Baroon Pocket Dam at 45 per cent full last year. It’s now full off the back of a bumper wet season.
Baroon Pocket Dam at 45 per cent full last year. It’s now full off the back of a bumper wet season.

Coast desalination plant floated to ease water worries

WATER chiefs will look at building a desalination plant on the Sunshine Coast as a booming population and changing weather patterns put pressure on future drinking supplies.

The controversial idea, which will agitate environmental and tourism groups, is one of several options to be ­investigated by Seqwater as it shapes its long-term plan to ensure future supply.

The fast-growing Sunshine Coast - where the population is projected to soar by more than 60 per cent to 500,000 by 2041 - has been identified by modelling as the priority need for a new bulk water source over the next two decades.

The best wet season for three years has lifted the southeast's combined dams' capacity to 84 per cent, the highest level since July 2016.

Baroon Pocket Dam is full after a bumper wet season but there are concerns that a growing population and changing weather patterns will put pressure on the supply in the future.
Baroon Pocket Dam is full after a bumper wet season but there are concerns that a growing population and changing weather patterns will put pressure on the supply in the future.

But Seqwater acting chief Dan Spiller said: "While Sunshine Coast dams are now full, they are relatively small and can be drawn down quickly.

"What is becoming clearer is that in the long run, we are not going to be able to rely on rainfall alone. We will need more climate-resistant water sources to supplement our traditional dam water storages."

The possibilities considered will include a major water recycling plant or desalination facility to turn seawater into drinkable water.

Other options include increasing the capacity of exiting water treatment plants, raising the level of Borumba Dam near Gympie or a weir on the Mary River as well as large-scale stormwater harvesting at residential and industrial developments for nondrinking use.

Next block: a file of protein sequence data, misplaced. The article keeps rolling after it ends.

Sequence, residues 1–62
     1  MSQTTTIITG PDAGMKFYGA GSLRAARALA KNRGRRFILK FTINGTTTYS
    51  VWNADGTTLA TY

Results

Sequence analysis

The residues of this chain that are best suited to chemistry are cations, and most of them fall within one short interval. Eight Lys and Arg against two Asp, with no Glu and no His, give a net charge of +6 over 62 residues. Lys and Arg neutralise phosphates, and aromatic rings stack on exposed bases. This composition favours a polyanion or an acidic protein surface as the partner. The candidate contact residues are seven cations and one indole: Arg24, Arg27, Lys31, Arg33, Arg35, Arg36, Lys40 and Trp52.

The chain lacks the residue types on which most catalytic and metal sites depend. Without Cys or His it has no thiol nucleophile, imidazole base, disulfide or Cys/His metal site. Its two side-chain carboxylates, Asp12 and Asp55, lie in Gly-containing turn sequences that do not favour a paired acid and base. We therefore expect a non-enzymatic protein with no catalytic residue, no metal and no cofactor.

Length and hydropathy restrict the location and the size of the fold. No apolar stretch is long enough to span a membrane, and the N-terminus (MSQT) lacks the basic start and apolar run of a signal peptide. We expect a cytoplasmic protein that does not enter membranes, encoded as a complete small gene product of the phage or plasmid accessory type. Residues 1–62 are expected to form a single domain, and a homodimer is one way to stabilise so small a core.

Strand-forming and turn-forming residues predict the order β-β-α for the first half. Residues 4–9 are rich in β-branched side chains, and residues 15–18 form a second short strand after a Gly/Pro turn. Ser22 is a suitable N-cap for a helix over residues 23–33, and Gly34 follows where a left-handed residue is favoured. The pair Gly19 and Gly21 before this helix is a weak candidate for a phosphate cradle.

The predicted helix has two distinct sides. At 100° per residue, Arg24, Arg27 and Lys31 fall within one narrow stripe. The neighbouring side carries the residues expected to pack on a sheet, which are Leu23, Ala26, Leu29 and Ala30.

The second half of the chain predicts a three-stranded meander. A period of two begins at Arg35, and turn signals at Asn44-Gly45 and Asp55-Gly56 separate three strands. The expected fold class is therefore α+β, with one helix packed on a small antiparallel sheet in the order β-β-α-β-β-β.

Increasing the capacity of other water supplies like Borumba Dam has also been floated as an alternative to a desalination plant.
Increasing the capacity of other water supplies like Borumba Dam has also been floated as an alternative to a desalination plant.

But the idea of building a plant close to the coastline and world-class beaches will infuriate environmental groups and worry tourism organisations.

And the construction of more expensive infrastructure is set to put more upward pressure on rising water bills.

Seqwater is struggling to pay off the debt from the $7 billion water grid completed in 2008 to address the "Millennium Drought"

That infrastructure included the $1.2 billion Tugun desalination plant on the Gold Coast, which has often been branded a white elephant. It's been used only temporarily since 2010 but it may be brought back permanently from 2020.

Community consultations will begin this year as the Seqwater prepares the next version of its future water plan, due by 2022.

Baroon Pocket Dam this year.
Baroon Pocket Dam this year.

BIG WET BOOSTS DAMS

SUMMER deluges have added nearly six months' of water to southeast Queensland's dams.

The best wet season in three years has boosted the combined capacity of the region's 12 major dams to 84 per cent, the highest level since July 2016.

Five of them are spilling, including the Sunshine Coast's main water source, Baroon Pocket, which fell to an lowest of 45 per cent during the dry 2017.

Seqwater acting chief executive Dan Spiller said while the increase in supply was welcome, variable weather patterns in recent years had demonstrated that conditions and dam, levels could change quickly.

Baroon Pocket Dam at 45 per cent last year.
Baroon Pocket Dam at 45 per cent last year.

A reduction in consumption over the summer had also helped boost the region's water security.

"Due to the reasonably wet summer we have seen water use drop by 10 litres per person per day to an average 177 litres, compared to the spike in consumption we saw over the previous summer that was hot and dry," Mr Spiller said.

Water use was now back to similar levels seen since southeast Queenslanders changed their habits during the Millennial Drought which broke in 2008.

Maintaining lower consumption would help delay the need for expensive investment in more bulk water sources, he said.


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